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Member postings for steamdave

Here is a list of all the postings steamdave has made in our forums. Click on a thread name to jump to the thread.

Thread: Magnetic chucks on smallish mills
23/07/2014 12:24:05
Posted by David Colwill on 23/07/2014 09:33:56:

I have a round magnetic chuck which I use on my lathe in exactly the way John McNamara describes, it works very well even on small items. You can only take fine cuts but I find it extremely useful.

Regards.

David.

Note quite the answer to the original question, but for occasional use on a lathe, a superglue chuck would be a lot more compact, lighter and cheaper for the small jobs that seem to be mentioned as being suitable for magnetic chucks. Also, a superglue chuck can be used for non-ferrous work.

Dave
The Emerald Isle


Thread: UK Museums to see old stationary engines
21/07/2014 11:56:00

If you can get out to deepest, darkest west Wales, between Cardigan and Aberystwyth, there is also the Museum Of Internal Fire.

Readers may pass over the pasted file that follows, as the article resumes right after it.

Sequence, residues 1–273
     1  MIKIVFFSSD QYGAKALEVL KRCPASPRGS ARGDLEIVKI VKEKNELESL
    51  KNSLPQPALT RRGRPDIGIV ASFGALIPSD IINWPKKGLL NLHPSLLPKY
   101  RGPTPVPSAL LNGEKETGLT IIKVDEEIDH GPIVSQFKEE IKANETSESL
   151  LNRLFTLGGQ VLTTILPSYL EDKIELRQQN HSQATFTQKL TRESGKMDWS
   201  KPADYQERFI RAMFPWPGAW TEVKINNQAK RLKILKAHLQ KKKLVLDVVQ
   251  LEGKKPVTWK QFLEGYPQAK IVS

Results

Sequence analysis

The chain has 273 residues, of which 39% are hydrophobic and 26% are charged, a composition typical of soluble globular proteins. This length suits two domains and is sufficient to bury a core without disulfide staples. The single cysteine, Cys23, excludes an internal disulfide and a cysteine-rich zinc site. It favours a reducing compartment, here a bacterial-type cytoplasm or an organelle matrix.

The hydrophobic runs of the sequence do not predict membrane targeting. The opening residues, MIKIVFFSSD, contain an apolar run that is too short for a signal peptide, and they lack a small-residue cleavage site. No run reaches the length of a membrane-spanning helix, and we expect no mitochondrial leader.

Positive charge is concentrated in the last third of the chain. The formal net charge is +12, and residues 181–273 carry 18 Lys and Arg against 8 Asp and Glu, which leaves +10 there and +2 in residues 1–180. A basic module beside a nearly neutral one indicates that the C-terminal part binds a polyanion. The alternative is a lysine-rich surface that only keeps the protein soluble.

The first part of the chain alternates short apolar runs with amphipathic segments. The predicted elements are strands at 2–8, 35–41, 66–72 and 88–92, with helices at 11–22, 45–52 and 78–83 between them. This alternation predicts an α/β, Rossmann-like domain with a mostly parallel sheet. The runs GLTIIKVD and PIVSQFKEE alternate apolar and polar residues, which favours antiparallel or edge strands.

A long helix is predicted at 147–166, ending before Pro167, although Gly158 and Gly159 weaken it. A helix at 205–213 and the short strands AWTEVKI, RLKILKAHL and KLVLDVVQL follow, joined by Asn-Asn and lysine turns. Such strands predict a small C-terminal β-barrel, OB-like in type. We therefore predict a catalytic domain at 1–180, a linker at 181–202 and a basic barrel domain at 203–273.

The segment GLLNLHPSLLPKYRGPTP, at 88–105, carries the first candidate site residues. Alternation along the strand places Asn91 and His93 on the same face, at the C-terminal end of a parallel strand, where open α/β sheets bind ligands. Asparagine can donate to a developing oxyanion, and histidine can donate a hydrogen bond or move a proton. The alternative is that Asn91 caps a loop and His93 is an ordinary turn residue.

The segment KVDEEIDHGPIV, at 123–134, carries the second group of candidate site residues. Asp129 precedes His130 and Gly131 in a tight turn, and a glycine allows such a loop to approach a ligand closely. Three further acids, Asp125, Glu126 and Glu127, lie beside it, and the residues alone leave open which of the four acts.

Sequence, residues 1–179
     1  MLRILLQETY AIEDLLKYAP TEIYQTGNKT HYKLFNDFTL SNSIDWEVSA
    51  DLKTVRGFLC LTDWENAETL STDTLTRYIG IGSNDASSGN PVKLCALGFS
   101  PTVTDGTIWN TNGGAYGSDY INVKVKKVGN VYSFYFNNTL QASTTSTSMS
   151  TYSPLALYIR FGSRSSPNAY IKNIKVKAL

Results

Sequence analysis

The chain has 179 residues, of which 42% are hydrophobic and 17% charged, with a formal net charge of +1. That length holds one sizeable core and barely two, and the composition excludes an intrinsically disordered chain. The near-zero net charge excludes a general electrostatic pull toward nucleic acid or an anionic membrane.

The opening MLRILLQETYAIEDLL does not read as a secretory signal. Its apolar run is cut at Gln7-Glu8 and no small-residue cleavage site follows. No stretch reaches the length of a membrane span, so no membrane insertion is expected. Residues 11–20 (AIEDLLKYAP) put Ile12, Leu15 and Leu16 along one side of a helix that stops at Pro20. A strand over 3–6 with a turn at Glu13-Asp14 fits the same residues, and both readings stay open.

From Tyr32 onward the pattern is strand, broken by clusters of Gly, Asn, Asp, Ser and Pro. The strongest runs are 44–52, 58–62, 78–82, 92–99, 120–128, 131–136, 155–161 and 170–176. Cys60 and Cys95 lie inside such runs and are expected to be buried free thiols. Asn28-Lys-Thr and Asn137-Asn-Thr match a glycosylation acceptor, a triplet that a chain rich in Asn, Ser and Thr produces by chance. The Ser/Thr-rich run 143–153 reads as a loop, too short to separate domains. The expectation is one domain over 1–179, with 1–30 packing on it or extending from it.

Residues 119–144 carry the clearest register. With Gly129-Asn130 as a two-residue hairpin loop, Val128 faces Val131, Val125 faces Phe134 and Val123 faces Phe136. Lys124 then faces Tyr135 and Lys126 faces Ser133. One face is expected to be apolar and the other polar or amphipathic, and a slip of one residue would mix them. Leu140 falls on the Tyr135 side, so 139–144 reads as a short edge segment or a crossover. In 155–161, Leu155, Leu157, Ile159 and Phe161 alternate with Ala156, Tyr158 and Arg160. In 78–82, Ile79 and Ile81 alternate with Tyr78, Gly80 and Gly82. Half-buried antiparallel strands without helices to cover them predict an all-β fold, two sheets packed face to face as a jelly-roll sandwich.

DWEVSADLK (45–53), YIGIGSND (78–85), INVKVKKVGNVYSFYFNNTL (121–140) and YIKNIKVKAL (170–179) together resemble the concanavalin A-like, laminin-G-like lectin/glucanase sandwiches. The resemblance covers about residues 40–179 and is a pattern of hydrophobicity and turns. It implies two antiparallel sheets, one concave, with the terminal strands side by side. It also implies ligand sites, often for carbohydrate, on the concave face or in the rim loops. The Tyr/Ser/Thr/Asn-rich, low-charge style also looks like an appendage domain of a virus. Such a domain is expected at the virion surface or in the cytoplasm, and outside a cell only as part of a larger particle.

http://www.internalfire.com/

The main difference between this one and the Anson is that Internal Fire try to display the engines in a period working environment.

Dave
The Emerald Isle

Thread: Stirling engine bits
17/07/2014 23:01:33

If you still want to use a glass cylinder and piston, have a look at eBay 310970428925.

Dave
The Emerald Isle

Thread: Edith
07/07/2014 11:44:49

I don't know anything about Edith. Is it a reprint or a new model?

From your description, I seem to recall that this technique was known as gummed paper strip construction. In days gone by, you could buy rolls of brown paper strip gummed on one side. Pas partout? Perhaps papier mache could be used.

Dave
The Emerald Isle

Thread: Which is the best parting tool ?
24/06/2014 10:12:33

Once you have got the Best parting tool sorted, you may wish to consider a parting tool for small parts. The large wide tools may be rigid, but they can waste a lot of material.

For small parts, tubes and pieces using up odd ends, a parting tool made from a broken hacksaw blade has much to recommend it. A suitable holder can be made in a short time and can be used at the front or rear position.

[URL=https://imageshack.com/i/31hacksawpartingtoolj][IMG]http://imagizer.imageshack.us/v2/xq90/109/hacksawpartingtool.jpg[/IMG][/URL]

[URL=https://imageshack.com/i/59hacksawpartingtoolbitsj][IMG]http://imagizer.imageshack.us/v2/xq90/189/hacksawpartingtoolbits.jpg[/IMG][/URL]

Dave
The Emerald Isle


Thread: Searching for rubber seal
18/06/2014 10:22:29

Peter: That's the stuff I was thinking about. Thanks

Bob: You've missed out Fireballs. And Hornets - good fun with the sliding seats!

Dave
The Emerald Isle

17/06/2014 16:09:35